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Using a mobile phone to pay for a purchase at the physical point of sale is by no means common in the US. But as more people upgrade to smartphones with built-in mobile wallets and as merchants’ acceptance of mobile payment technology grows, the number and total value of such payments will continue to record large gains through 2020, as explored in a new eMarketer report, “US Mobile Payments Outlook: Strong Growth Forecast for Proximity, Peer-to-Peer Payments in 2017 and Beyond” (eMarketer PRO customers only).
eMarketer expects the total value of US proximity mobile payment transactions to total $27.67 billion in 2016, an increase of 183.3% over 2015. Next year, transaction value is predicted to more than double again to $62.49 billion. Steady double-digit growth is anticipated through the rest of the forecast period, with transaction value exceeding $314 billion in 2020.
Despite recent gains, the value and number of users of proximity mobile payments will lag behind other mobile commerce metrics tracked by eMarketer in 2016, including retail mcommerce sales, mobile travel sales and the number of mobile buyers and mobile travel bookers.
By 2020, however, mobile payments will be a much bigger part of the overall mobile commerce picture. The transaction total for proximity mobile payments—which, per eMarketer’s definition, exclude purchases made using tablets—will exceed both retail mcommerce sales made on smartphones and mobile travel sales.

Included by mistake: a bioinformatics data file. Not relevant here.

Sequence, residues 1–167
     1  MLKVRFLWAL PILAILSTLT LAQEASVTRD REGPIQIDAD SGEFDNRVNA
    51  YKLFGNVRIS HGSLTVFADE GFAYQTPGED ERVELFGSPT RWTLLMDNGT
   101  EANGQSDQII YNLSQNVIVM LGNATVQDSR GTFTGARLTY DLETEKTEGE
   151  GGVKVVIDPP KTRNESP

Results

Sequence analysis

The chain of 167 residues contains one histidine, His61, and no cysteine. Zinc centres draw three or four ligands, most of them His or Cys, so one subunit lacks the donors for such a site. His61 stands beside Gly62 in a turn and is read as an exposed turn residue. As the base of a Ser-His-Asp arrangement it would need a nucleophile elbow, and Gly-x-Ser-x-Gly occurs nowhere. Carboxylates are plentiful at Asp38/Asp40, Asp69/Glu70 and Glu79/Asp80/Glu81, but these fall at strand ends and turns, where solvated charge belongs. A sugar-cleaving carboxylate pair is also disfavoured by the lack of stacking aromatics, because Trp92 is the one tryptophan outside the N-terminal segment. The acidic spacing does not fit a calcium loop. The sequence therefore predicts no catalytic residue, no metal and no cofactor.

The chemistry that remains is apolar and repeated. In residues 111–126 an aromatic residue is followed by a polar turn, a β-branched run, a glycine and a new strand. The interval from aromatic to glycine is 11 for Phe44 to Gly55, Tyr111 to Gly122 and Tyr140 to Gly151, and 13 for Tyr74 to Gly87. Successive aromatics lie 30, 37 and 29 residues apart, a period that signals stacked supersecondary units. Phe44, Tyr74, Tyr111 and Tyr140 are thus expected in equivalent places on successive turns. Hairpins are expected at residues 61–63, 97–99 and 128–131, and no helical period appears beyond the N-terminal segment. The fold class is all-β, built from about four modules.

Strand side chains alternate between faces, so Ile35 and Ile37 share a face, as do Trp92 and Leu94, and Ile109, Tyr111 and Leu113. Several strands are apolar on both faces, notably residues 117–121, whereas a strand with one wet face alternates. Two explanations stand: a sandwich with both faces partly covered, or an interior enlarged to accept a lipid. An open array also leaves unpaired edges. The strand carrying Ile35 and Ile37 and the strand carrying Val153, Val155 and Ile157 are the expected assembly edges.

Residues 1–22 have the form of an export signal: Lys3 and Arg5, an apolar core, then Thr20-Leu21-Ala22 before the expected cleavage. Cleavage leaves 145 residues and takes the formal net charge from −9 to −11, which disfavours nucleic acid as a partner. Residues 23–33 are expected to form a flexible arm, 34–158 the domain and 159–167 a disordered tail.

What’s more, that milestone will be accomplished with fewer users relative to other categories. How is that possible? Traditional brick-and-mortar retail locations are primarily where consumers make proximity payments. Even with sustained double-digit growth in US retail ecommerce sales over the next several years, close to 90% of US retail sales will still occur in physical stores in 2020, eMarketer predicts. Shoppers swapping cash and card for the tap of a phone while in-store will help lift proximity mobile payment transactions.
A broader diversity of retail businesses accepting mobile payments over the next several years will also lead to an increase in consumers using smartphones to pay in-store for pricier products. eMarketer predicts that purchases of items costing between $20 and $100 will for the first time make up more than half (52.2%) of US proximity mobile payments in 2016, and represent more than two-thirds of such transactions by 2020.
In turn, the average annual spend per user using proximity mobile payments will continue to grow by leaps and bounds, from over $721 in 2016 to $1,230.94 in 2017 and exceeding $4,133 by 2020.
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